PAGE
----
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Kids’ Activities While Paying Down Debt

Updated: Aug 28, 2020

It’s no secret that kids can be expensive. In order to work, my kids attend (and thrive) in daycare five days per week. That runs us over $2000 per month.

But what about fun activities with your children?

We certainly live as frugally as we can and also don’t deprive our kids of fun or educational things to do. Near Boston, prices can run high, so we pick and choose, weighing the pros and cons of each activity.

Our two are currently 5 and 2, so our activities might not look the same as yours, but our Saver principles should help carry into their older years.

  1. First, we spring for one annual membership per year and cycle through the age appropriate, fun, and educational options. So far, we had a zoo membership one year and aquarium the next, alternating between the two. In the coming years, we’ll look at the Museum of Science.

  2. Second, we prioritize activities with friends. This means that we usually get the highest cost membership each year, but it also means that each experience is different for our kids and much more fun. They enjoy it more, so want to do that activity more often and learn more while we’re there. We can generally get the other family in for free (for them).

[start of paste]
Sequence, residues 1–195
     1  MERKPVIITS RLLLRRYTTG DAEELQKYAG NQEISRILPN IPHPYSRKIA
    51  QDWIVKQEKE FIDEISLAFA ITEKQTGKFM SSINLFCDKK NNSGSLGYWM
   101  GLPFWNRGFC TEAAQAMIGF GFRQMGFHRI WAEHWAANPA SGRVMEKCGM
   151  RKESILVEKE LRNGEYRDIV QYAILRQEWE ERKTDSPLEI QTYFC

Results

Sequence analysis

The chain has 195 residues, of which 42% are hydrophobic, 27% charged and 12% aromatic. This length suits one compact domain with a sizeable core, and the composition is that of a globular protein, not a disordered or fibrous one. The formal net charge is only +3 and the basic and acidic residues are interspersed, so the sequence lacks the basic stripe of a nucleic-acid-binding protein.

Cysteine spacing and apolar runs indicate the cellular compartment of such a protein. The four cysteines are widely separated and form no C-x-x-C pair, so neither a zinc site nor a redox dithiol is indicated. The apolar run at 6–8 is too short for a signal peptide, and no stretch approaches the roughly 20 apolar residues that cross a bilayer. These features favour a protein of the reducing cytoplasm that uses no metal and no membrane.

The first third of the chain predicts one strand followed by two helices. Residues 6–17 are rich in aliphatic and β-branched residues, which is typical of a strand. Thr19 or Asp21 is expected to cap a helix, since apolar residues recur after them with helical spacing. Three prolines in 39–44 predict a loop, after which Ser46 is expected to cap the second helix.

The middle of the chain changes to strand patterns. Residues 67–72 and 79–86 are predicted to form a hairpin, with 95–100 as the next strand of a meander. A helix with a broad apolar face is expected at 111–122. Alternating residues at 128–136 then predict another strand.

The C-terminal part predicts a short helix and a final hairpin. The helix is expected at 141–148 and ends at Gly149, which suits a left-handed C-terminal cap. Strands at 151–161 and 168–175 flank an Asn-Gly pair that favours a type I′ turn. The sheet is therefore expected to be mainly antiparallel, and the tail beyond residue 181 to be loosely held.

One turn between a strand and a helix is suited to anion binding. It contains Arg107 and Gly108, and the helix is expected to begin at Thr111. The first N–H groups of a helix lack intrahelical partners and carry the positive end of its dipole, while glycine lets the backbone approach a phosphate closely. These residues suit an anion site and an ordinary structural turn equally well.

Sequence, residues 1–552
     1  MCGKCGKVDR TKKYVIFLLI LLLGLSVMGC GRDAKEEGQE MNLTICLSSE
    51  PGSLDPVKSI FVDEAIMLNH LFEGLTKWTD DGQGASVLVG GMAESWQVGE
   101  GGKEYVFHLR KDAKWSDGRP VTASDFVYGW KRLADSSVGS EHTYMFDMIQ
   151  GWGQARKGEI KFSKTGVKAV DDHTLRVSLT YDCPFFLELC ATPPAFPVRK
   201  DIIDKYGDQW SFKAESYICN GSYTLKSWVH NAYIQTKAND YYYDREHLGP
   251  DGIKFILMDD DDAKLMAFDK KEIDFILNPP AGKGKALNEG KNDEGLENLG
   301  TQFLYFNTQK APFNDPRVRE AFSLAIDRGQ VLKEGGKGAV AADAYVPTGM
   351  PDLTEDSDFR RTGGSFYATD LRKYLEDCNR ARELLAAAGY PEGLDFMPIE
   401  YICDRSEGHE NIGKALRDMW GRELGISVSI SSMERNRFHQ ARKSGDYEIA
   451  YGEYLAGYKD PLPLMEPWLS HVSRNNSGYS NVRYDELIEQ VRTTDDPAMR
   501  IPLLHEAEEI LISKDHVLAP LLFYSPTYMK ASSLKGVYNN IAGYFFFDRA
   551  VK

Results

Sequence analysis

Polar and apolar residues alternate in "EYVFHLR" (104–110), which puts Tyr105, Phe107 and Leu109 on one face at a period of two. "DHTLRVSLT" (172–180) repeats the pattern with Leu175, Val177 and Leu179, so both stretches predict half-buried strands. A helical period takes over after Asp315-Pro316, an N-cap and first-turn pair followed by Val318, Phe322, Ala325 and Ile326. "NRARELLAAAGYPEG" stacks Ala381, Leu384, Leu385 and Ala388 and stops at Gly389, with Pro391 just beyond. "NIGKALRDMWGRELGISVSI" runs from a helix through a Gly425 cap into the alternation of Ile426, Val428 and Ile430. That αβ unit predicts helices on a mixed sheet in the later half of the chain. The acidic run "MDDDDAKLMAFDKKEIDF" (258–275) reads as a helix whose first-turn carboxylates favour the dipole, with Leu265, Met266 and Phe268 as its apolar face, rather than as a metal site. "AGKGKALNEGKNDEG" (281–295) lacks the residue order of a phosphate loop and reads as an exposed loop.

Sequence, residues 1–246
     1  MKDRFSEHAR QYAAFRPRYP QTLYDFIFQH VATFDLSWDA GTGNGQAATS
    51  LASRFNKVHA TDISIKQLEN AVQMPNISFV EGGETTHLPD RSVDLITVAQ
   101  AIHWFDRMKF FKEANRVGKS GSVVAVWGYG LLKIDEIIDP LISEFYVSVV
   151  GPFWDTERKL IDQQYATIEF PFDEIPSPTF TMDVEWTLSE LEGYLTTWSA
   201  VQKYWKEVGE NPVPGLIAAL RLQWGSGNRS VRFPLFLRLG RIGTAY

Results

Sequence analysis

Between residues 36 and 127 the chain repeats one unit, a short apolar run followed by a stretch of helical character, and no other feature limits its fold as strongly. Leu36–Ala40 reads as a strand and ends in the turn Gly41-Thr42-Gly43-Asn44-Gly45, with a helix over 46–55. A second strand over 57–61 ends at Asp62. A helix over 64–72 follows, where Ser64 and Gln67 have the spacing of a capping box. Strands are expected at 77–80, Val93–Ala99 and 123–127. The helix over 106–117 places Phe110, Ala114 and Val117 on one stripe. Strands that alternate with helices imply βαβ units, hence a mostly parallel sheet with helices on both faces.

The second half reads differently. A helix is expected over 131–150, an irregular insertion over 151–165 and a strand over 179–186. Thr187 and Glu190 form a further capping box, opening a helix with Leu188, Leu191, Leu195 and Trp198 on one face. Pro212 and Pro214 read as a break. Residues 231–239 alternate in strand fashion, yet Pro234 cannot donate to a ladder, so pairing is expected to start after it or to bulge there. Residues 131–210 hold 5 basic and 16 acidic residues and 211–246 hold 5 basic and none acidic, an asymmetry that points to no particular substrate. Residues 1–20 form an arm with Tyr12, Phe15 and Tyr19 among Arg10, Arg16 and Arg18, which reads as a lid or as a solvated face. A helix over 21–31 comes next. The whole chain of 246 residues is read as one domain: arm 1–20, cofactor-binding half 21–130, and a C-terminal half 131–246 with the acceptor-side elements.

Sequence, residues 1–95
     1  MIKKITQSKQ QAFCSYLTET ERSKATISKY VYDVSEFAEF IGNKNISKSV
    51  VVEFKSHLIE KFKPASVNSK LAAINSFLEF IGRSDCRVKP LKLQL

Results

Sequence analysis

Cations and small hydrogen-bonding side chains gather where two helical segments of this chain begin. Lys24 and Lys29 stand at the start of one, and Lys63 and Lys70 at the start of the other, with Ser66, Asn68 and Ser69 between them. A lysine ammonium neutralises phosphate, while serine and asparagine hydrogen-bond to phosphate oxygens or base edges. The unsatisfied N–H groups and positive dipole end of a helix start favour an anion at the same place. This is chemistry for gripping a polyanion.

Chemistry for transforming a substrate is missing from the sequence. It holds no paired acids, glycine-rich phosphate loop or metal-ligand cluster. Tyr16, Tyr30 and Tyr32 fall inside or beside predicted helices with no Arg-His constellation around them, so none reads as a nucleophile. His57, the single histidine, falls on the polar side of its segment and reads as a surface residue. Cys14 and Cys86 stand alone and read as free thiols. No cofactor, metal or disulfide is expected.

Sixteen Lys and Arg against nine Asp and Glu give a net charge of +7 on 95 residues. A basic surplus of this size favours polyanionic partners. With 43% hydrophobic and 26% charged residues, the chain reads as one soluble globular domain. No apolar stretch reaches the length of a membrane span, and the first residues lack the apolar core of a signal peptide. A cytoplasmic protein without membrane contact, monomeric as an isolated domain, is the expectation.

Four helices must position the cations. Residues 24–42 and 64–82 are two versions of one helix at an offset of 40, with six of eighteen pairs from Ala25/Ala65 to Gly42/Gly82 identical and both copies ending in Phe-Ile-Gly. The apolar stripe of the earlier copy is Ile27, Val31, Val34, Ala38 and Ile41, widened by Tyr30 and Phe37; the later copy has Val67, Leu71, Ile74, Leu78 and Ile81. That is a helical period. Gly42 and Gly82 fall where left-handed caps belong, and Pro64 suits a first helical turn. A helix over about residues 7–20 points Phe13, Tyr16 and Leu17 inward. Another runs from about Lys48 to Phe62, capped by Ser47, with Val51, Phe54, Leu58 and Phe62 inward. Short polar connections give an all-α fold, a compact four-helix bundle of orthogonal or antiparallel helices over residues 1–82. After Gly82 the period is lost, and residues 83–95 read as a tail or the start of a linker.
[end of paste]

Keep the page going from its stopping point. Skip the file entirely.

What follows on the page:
3. Third, we make our own fun and use our imaginations and resources available. That sometimes looks like teaching the kids how to play frisbee in the park or bike riding in a large, usually empty parking lot. Sometimes it looks like using fabric markers on white fabric masks, so we each have our uniquely designed masks during the pandemic.

  4. As the kids get older, we’ll be instilling a sense of ownership for their own activities. Starting this year, if our Kindergarten age daughter wants to join a school sport that costs money (they all do), she’ll be allowed to join one per year. Any more than that and she’ll have to make (half) the money for the team expenses. I’m thinking about her making and selling muffins door to door around here for her school team fees.

We’ll also lean on our church activities. As a younger child and teenager, I loved attending weekly church group meetings and youth group. We volunteer already to lead some of these in our current church and can’t wait for our own children to get involved.

I hope this gave you some ideas. Children don’t need expensive toys or to be part of many school sports teams. They need to be loved, given boundaries, and held to a standard. They should be taught how the world works, how the world should work, and the value of a dollar. These are important lessons you can weave into everyday life within your family.

As our children get older, I’m sure we’ll have different experiences. Please share what has worked for you!


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